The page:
Patterns in Contemporary Canadian Picture Books: Radical Change in Action

Beverley Brenna, Shuwen Sun, Yina Liu


This comprehensive qualitative examination of two groups of Canadian picture books, 57 titles published in 2005 and 120 titles published in 2015, offers comparative data that demonstrate patterns related to authors, illustrators, characterization, genres, audiences, and particular elements of Radical Change. Following book collection, content analysis was conducted with a consideration of Dresang’s notion that books for children are evolving with respect to forms and formats, perspectives, and boundaries. Our process for analysis was developed from Berg’s framework of systematic content analysis based on predetermined as well as emerging categories. There is much recent research exploring particular content in children’s literature, supporting the central importance of literature in the classroom and community. Comparative Canadian studies across decades, however, are rare, and are increasingly important as a way to track and describe the changes that are taking place with respect to books for young people. It is interesting that in both 2005 and 2015, picture books tended to feature children as protagonists, with the highest number of books from the 2005 set utilizing the fantasy genre (at 34%) or realistic fiction (at 28%) and the highest number of books from the 2015 set occurring in non-fiction (at 34%, up from 16% in 2005) or fantasy (at 31%). Historical fiction in both years presented comparatively low, at 12% and 3%, respectively.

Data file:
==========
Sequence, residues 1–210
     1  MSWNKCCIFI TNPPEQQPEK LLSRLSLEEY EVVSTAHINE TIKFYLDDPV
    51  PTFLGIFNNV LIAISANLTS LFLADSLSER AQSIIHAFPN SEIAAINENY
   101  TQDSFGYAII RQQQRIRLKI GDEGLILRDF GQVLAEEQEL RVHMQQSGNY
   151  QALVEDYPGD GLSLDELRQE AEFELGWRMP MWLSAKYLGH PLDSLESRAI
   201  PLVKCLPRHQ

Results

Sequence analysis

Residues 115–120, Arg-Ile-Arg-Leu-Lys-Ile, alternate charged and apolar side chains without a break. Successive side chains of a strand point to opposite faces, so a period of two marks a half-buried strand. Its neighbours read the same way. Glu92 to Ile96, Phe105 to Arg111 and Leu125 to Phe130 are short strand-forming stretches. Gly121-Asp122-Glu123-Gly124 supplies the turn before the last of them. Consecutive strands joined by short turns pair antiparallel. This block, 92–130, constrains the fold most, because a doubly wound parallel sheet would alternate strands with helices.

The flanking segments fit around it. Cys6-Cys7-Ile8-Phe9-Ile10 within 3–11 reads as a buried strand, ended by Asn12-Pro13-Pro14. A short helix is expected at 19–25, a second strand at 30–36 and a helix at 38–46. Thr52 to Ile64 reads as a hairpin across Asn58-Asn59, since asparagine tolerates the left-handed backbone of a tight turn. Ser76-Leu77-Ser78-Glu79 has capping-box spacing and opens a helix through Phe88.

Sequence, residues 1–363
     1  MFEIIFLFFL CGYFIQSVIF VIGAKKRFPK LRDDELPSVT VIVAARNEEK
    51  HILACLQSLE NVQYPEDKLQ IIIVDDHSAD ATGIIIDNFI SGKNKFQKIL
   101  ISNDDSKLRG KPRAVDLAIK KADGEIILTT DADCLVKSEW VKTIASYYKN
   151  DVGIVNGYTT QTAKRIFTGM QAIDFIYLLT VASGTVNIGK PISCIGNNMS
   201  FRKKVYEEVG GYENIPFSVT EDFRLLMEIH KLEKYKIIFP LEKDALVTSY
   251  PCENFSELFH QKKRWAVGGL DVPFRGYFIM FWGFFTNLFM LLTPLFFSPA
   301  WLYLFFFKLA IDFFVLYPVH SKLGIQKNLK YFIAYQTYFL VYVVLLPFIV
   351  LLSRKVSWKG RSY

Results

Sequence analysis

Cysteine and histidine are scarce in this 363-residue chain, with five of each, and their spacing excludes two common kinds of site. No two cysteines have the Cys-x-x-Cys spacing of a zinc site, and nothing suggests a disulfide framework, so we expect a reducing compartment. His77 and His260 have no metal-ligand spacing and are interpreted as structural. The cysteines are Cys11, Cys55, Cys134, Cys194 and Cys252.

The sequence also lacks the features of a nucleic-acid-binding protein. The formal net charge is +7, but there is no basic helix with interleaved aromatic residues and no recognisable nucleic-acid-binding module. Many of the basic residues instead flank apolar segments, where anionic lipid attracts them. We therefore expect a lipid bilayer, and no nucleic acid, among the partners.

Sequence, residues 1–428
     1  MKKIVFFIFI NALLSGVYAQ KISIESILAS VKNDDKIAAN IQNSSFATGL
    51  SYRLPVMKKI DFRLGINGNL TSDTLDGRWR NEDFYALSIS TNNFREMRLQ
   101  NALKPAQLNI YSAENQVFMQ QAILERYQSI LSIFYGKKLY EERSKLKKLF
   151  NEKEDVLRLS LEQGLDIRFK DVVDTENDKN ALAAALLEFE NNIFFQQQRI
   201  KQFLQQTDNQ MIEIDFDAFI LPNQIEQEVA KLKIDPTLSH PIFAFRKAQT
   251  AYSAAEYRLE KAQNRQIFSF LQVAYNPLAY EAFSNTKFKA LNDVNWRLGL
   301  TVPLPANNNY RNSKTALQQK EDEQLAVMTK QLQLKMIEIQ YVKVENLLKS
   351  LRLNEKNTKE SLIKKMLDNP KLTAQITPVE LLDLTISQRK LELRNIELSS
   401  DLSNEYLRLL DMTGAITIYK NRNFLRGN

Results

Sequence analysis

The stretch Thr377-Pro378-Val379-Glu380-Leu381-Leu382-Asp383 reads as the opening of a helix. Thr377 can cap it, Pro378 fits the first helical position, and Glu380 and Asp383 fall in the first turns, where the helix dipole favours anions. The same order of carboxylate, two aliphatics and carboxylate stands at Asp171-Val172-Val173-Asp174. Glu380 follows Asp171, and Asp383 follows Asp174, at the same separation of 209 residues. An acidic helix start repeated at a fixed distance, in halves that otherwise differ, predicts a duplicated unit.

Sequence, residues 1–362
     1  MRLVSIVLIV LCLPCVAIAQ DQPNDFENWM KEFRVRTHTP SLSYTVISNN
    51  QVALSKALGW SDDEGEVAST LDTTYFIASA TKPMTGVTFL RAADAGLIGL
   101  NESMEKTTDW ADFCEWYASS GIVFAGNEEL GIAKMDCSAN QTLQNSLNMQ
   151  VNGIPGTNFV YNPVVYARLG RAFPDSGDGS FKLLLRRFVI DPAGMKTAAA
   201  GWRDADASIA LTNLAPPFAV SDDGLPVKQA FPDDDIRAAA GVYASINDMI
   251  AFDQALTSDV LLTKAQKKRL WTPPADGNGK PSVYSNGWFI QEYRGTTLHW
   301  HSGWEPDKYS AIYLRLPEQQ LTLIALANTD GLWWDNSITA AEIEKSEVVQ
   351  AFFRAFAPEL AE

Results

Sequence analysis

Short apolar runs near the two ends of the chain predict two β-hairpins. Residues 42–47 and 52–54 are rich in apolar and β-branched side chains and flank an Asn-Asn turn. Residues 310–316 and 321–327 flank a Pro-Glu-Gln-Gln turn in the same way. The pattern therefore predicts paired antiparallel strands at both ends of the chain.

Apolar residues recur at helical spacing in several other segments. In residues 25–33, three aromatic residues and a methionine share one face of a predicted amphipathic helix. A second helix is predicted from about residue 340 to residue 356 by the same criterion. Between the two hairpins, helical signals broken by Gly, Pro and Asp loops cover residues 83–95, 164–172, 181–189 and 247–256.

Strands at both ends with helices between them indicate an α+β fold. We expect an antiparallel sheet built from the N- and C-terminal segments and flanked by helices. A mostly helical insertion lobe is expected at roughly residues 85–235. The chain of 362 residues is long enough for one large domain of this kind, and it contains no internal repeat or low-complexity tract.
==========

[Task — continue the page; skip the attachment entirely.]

Findings of this study support and extend the notion of Radical Change. The research team noted marked innovations within the 2015 group related to forms and formats, boundaries, and perspectives. Of particular note are the increasing numbers of books that present Indigenous content and perspectives. While many of the changes appearing in Canadian picture books between 2005 and 2015 might be predicted through the standard categories of Radical Change (Dresang, 1999), other findings also emerged that suggest new Radical Change considerations. Continuing to examine children’s literature as artifacts of a culture can illuminate particular aspects of that culture and offer opportunities to engage authors, illustrators, and publishers in filling gaps where particular perspectives or topics are missing. Advocacy is important as children’s literature continues to be a source of tension for what it portrays and presents as well as its missing voices. A knowledge of patterns and trends in relation to available content and resources supports classroom practice as well as encourages classroom research and further explorations of the evolving landscape of children's books.


K-12 education; qualitative research; children's literature; picture-books; Radical Change

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